Our survival analyses showed that patients with thrombocytosis had worse PFS and OS than those without thrombocytosis (Figs. 1a, b). In addition, when the analysis was confined to stage III/IV patients, there was still a significant difference in PFS and OS (Figs. 2a, b), whereas stage I/II patients showed no difference in survival according to the presence/absence of pretreatment thrombocytosis (Figs. 2c, d). These findings indicate that thrombocytosis affects survival mainly in advanced diseases, consistent with our above finding that thrombocytosis was significantly and independently associated with TFI, an established predictor of chemosensitivity in the treatment of recurrence, as recurrence is prone to occur in advanced diseases. Furthermore, our multivariate analysis for prognostic factors demonstrated that thrombocytosis was significant for unfavorable PFS and OS independent of age, histology, and FIGO stage (Table 4). These findings indicate that pretreatment thrombocytosis may be an ideal predictive biomarker for treatment outcome and a reasonable therapeutic target in epithelial ovarian cancer.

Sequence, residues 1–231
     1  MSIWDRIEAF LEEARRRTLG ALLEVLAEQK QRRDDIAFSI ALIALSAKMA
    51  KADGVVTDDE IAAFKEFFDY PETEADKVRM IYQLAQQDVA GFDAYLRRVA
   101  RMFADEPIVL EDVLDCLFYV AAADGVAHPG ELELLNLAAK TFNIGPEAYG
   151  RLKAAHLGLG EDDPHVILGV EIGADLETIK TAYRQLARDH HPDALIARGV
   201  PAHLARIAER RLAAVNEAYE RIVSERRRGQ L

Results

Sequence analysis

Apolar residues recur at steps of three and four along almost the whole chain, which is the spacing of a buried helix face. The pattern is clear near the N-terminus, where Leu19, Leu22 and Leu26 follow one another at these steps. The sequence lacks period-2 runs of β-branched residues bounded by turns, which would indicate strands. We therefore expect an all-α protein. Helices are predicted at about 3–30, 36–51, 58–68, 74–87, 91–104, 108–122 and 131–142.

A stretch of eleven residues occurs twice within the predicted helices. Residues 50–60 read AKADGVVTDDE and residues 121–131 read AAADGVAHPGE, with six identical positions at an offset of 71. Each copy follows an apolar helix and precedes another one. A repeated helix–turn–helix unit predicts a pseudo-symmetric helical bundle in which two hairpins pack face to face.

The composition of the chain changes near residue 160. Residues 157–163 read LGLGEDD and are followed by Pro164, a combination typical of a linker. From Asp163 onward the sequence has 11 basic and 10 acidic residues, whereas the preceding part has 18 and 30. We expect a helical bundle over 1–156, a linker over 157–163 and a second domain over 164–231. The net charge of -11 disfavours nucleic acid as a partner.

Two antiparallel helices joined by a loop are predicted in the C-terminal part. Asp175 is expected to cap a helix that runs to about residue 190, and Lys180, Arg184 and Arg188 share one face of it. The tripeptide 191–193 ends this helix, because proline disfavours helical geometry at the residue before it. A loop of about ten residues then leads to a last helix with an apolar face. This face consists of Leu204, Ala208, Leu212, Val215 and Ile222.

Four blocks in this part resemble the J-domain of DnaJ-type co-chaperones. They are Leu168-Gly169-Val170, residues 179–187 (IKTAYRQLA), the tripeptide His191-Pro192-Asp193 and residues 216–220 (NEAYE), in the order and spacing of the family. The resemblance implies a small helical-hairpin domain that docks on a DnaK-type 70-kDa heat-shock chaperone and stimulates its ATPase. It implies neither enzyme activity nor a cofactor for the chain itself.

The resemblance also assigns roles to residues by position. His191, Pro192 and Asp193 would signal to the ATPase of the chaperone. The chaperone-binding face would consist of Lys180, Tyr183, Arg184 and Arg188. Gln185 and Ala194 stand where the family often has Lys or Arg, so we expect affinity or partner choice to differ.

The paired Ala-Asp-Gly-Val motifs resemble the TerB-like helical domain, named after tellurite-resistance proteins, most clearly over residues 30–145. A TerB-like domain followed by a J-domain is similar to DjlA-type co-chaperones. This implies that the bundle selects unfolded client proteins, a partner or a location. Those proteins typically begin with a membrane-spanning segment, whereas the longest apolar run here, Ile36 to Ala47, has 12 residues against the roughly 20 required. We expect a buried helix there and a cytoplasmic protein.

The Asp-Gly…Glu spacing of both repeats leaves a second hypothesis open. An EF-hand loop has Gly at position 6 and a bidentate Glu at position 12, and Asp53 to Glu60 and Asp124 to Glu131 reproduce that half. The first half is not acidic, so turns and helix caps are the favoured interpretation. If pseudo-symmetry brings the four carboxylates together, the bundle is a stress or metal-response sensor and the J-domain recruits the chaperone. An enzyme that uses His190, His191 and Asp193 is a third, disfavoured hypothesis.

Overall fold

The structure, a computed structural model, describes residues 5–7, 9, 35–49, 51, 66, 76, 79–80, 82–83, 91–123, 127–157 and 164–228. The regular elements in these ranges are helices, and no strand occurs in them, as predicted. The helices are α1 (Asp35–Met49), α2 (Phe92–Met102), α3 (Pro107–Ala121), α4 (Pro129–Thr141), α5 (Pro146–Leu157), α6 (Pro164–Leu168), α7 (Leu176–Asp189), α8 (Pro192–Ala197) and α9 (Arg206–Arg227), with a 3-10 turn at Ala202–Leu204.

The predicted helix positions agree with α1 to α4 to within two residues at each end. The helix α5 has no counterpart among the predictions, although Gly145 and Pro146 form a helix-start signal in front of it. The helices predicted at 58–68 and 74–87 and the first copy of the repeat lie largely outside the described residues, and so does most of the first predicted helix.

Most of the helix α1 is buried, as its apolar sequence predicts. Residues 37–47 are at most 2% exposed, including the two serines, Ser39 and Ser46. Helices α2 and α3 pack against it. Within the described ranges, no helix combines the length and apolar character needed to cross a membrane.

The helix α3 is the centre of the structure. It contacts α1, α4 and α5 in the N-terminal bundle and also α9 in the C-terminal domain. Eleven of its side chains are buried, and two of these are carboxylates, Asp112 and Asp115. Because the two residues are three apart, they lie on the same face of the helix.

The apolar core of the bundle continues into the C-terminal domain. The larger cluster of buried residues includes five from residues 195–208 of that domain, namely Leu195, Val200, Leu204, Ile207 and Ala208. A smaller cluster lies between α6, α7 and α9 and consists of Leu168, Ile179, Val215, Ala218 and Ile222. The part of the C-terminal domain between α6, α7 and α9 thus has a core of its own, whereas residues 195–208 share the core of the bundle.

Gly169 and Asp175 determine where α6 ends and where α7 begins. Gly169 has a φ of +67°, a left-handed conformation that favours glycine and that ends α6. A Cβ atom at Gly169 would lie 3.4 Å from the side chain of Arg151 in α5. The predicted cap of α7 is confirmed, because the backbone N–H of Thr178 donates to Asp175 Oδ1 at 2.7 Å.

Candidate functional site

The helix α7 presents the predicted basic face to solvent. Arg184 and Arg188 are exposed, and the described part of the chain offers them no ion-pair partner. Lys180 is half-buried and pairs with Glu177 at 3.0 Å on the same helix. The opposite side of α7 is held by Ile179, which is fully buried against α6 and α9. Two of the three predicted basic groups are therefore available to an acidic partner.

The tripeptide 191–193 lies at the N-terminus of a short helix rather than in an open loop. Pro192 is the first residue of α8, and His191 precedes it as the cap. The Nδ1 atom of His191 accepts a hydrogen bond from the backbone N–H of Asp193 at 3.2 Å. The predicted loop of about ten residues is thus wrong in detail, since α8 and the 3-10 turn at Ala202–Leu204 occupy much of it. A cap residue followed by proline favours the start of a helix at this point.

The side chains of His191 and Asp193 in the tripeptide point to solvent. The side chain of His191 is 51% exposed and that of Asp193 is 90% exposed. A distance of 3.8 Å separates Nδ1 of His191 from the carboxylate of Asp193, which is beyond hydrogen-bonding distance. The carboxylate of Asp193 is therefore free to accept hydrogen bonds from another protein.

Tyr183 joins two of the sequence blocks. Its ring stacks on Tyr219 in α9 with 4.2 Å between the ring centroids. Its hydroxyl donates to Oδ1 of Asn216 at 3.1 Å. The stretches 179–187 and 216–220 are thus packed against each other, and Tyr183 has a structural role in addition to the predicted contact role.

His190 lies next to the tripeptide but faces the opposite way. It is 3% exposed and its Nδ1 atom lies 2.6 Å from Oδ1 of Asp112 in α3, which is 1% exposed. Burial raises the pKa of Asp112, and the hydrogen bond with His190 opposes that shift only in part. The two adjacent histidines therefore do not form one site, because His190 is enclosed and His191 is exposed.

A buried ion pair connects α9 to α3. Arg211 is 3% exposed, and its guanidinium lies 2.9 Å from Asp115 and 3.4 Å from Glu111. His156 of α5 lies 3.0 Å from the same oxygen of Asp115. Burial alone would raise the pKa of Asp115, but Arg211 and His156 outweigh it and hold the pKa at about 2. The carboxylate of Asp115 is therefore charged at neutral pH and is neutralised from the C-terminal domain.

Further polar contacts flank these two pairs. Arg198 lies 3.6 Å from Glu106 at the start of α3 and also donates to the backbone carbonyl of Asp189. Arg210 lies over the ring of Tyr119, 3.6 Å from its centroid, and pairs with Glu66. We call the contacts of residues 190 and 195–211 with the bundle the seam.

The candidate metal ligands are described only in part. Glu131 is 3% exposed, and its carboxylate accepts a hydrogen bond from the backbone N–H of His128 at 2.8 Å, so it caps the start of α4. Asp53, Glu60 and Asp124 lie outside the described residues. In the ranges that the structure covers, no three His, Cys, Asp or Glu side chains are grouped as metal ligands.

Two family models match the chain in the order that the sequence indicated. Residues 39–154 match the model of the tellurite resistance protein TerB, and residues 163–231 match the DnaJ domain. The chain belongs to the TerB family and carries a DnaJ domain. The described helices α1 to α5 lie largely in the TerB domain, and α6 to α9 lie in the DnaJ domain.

Tumor cells first increase and activate platelets via various cytokines, including interleukin-6 (IL-6, 16). Activated platelets in turn facilitate tumor growth and angiogenesis through growth factors and angiogenic factors, including VEGF and PDGF [16, 24]. Activated platelets also promote metastasis through epithelial mesenchymal transition (EMT) and defense by platelet-tumor interactions against blood flow and the immune system, including NK cells, in circulation [16, 24]. In addition, platelets contribute to chemoresistance through MAPK and PI3-kinase/Akt pathways and drug efflux proteins . Moreover, chemoresistance in ovarian cancer cells is suggested to involve the interaction between the surrounding immune system and cancer stem cells in the tumor microenvironment, where platelets play key roles [25, 26]. Therefore, thrombocytosis can possibly affect patient prognosis via both tumor progression and chemoresistance. However, we found that thrombocytosis was significantly and independently associated with TFI but not with FIGO stage (Table 3) and that thrombocytosis was significantly associated with PFS independent of FIGO stage (Table 4). These findings suggest that the prognostic impact of thrombocytosis may be independent of tumor extent but rather attributed to chemoresistance. Indeed, platelets have been reported to be involved in chemoresistance in ovarian cancer by in vitro and in vivo basic studies. Radziwon-Balicka et al. reported that platelets decreased paclitaxel-induced apoptosis in human ovarian adenocarcinoma cells in vitro . Bottsford-Miller et al. reported that the combined administration of platelet-depleting antibodies and docetaxel caused a 62% decrease in tumor weight compared to docetaxel treatment in orthotopic mouse models of human ovarian cancer . They further found that platelet transfusion blocked the effect of docetaxel on tumor growth, and aspirinization blocked the effect of transfusion. However, clinical evidence suggesting the link between thrombocytosis and chemoresistance in ovarian cancer is very limited, as most studies only correlate thrombocytosis with survival after chemotherapy. Bottsford-Miller et al. reported changes in platelet counts during first-line chemotherapy in responsive and refractory groups matched for stage, histology, grade, and primary therapy . In patients with a durable response, only 50% had pretreatment thrombocytosis, and all of them achieved a normal platelet count during therapy, whereas all had pretreatment thrombocytosis, and only 50% achieved a normal count during therapy in patients with refractory disease. However, the possibility that platelet count only reflects the real-time residual tumor amount cannot be excluded. Feng et al. reported that preoperative thrombocytosis was significantly associated with chemoresistance determined based on the interval between disease progression and adjuvant chemotherapy in high-grade serous ovarian cancer . However, thrombocytosis was not significant after stratification based on residual tumors after surgery. In our study, pretreatment thrombocytosis was not associated with operation achievement and was significantly associated with TFI independent of FIGO stage (Table 3). Moreover, pretreatment thrombocytosis was a significant prognostic factor for poor PFS and OS independent of FIGO stage and operation achievement (Table 4). These observations strongly support the involvement of thrombocytosis in chemoresistance, implicating that molecular therapy targeting thrombocytosis may improve prognosis by attenuating chemoresistance. Based on the current findings, we assume that the combination of chemotherapeutics and antiplatelet therapies may be efficacious for ovarian cancer patients with thrombocytosis. Notably, patients with MHA or nonmalignant inflammatory conditions may have to be excluded from the treatment subjects, as the pathways for thrombocytosis in these patients must be different from those for paraneoplastic thrombocytosis.